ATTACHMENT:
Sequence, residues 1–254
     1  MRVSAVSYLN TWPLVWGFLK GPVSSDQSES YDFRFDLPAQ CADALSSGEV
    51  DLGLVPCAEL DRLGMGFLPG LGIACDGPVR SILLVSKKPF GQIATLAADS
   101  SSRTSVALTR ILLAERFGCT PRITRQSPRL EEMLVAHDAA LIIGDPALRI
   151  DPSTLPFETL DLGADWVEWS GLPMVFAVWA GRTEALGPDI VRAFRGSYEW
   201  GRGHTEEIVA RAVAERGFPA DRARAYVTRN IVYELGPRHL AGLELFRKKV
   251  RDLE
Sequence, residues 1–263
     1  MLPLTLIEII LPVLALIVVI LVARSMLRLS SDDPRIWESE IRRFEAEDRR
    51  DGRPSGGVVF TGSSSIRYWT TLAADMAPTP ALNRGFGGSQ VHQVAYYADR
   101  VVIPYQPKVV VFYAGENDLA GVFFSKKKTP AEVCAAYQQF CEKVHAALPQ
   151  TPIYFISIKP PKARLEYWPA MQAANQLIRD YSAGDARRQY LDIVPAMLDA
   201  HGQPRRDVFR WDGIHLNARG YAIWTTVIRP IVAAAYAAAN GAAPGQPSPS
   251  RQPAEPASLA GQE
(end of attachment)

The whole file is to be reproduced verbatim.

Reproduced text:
Sequence, residues 1–254
     1  MRVSAVSYLN TWPLVWGFLK GPVSSDQSES YDFRFDLPAQ CADALSSGEV
    51  DLGLVPCAEL DRLGMGFLPG LGIACDGPVR SILLVSKKPF GQIATLAADS
   101  SSRTSVALTR ILLAERFGCT PRITRQSPRL EEMLVAHDAA LIIGDPALRI
   151  DPSTLPFETL DLGADWVEWS GLPMVFAVWA GRTEALGPDI VRAFRGSYEW
   201  GRGHTEEIVA RAVAERGFPA DRARAYVTRN IVYELGPRHL AGLELFRKKV
   251  RDLE
Sequence, residues 1–263
     1  MLPLTLIEII LPVLALIVVI LVARSMLRLS SDDPRIWESE IRRFEAEDRR
    51  DGRPSGGVVF TGSSSIRYWT TLAADMAPTP ALNRGFGGSQ VHQVAYYADR
   101  VVIPYQPKVV VFYAGENDLA GVFFSKKKTP AEVCAAYQQF CEKVHAALPQ
   151  TPIYFISIKP PKARLEYWPA MQAANQLIRD YSAGDARRQY LDIVPAMLDA
   201  HGQPRRDVFR WDGIHLNARG YAIWTTVIRP IVAAAYAAAN GAAPGQPSPS
   251  RQPAEPASLA GQE